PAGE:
Looking for academic resources on the world premiere of Django's Bolero

EduardoEduardo Valparaiso, IndianaNew Manouche Guitars Latcho Drom
edited February 2018 in History Posts: 6
Hello all,
I am writing a paper for school in which I would like to make about Django's Bolero. I am looking for reviews of the piece during it's world premiere, if they even exist. I read Django's biography by Charles Delaunay where this was briefly mentioned, but I don't remember there being extensive information on the piece or it's reception among critics. I do remember there was a few comments that it wasn't too well received due to it's dissonant harmonies (I think that's what I remember) and that it was premiered alongside Ravel's Bolero. If anyone who really knows their Django history and where to find sources, would be willing to assist me, that would be amazing. Thank you


  • PapsPierPapsPier ✭✭
    edited February 2018 Posts: 428
    Django's Bolero was composed in 1937. A concert of the Quintette du Hot Club de France was given at Salle Gaveau in Octobre 1937 and they played his Bolero, Rose Room, Cavalerie and Djangology among other things. So this first public version was probably a reduced version compared to the recording.
    Source Delaunay and Contextual bio discography
    Michael Dregni reports that Panassie was really enthusiastic and was amazed to discover a new side of Django s music: he is not only a wonderful soloist and accompanist, jhe is also a great composer!

    Django had two ambitious projects (more ambitious than his usual recordings) at that time: Mabel and Bolero, it was his first attempts at composing for a big orchestra.
    When Django composed his Bolero, in 1937, Maurice Ravel, famous for his own bolero, was slowly dying. It was probably well-known in the music circles and we can think that Django paid tribute to him with his composition.
    One of the two takes of the Bolero was released alongside one of the two takes of Mabel on a label called Gramophone (not the usual Swing label). The recordings themselves were not pure swing nor pure classical. Those two elements can explain why the sells for this disc were disapointing (300 over a 5 year period).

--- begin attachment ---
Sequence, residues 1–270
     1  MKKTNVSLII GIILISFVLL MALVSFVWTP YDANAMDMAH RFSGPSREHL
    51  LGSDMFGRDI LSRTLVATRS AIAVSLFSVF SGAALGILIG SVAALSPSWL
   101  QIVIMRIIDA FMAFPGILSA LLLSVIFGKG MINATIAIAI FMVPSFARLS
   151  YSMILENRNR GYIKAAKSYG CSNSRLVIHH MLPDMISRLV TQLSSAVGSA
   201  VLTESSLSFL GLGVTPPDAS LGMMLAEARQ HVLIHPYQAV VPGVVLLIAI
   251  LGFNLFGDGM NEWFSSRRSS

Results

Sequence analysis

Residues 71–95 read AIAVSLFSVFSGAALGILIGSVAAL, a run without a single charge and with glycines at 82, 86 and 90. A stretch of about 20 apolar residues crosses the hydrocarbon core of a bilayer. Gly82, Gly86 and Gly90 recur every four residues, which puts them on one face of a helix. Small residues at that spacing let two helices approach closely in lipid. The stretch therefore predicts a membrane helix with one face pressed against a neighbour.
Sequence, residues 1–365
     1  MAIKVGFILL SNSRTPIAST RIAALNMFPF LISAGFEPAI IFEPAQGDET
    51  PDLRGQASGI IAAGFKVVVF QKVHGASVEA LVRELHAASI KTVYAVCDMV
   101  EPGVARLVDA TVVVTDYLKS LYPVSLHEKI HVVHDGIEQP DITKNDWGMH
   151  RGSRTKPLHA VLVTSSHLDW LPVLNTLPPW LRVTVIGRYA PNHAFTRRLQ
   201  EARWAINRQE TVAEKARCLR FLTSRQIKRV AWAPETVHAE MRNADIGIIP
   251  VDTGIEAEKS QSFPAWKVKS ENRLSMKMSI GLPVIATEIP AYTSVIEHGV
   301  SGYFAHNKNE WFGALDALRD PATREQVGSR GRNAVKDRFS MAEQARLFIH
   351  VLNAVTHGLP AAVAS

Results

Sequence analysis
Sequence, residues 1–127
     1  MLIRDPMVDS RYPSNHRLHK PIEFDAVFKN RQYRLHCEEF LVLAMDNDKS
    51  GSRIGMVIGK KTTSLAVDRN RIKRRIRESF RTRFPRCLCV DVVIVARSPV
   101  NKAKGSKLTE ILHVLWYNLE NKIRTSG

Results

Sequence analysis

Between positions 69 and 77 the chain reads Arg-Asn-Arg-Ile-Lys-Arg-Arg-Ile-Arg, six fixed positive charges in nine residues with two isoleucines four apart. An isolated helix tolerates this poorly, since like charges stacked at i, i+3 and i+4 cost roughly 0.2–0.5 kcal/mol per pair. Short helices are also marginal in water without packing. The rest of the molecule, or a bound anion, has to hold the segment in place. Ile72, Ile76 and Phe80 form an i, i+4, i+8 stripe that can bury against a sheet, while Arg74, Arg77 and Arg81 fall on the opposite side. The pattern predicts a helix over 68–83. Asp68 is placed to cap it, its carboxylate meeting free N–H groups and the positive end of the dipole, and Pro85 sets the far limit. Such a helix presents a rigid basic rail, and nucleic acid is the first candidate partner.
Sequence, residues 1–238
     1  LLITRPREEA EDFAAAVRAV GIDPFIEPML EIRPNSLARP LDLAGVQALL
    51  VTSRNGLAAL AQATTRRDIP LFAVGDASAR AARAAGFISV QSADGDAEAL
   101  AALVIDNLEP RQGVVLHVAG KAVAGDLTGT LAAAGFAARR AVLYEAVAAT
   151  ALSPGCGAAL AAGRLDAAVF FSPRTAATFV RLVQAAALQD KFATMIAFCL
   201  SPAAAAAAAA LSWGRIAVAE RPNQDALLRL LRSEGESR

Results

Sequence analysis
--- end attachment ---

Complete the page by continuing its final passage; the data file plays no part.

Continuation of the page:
All that comes from Integrale Fremeaux booklet.
    A critic of the disc by Hughes PAnassie and published in Jazz Hot magazine can be found in the contextual bio discography. (And it is as said before rather enthusiastic)

    Then in 1941, once Django was the big star of French music hall, his Bolero was played at a special concert on 10th May and 14th June, Salle Pleyel. The orchestra named Orchestre symphonique de jazz was led by Robert Bergmann. This orchestra was a big band plus a dozen of violins.
    Django's bolero was played alongside Ravel s Bolero and a piece of Debussy called Fetes. And I am not sure that DJango actually played with the orchestrafor this concert.

    I dont know what the critics said about that last concert
  • BonesBones Moderator
    Posts: 3,320
    Interesting, thanks Paps! Funny that Mabel wasn't more popular. I can still remember the first time I heard it and I really loved it.
  • EduardoEduardo Valparaiso, IndianaNew Manouche Guitars Latcho Drom
    Posts: 6
    Papspier, thanks that is very insightful. I will look into these. Do you have any reccommendations as to where I may possibly even find more info?
  • PapsPierPapsPier ✭✭
    Posts: 428
    Sorry I gave you all what I found in all my sources (Delaunay, the contextual bio discography, Michael Dregni, Integrale Fremeaux). The only thing I cn think of is to read the Jazz Hot magazine of that time... but I dont know if you can actually find more (the Jazz Hot reports are cited in the other sources I saw). You could try to contact the Salle Pleyel or Gaveau, they might have archives
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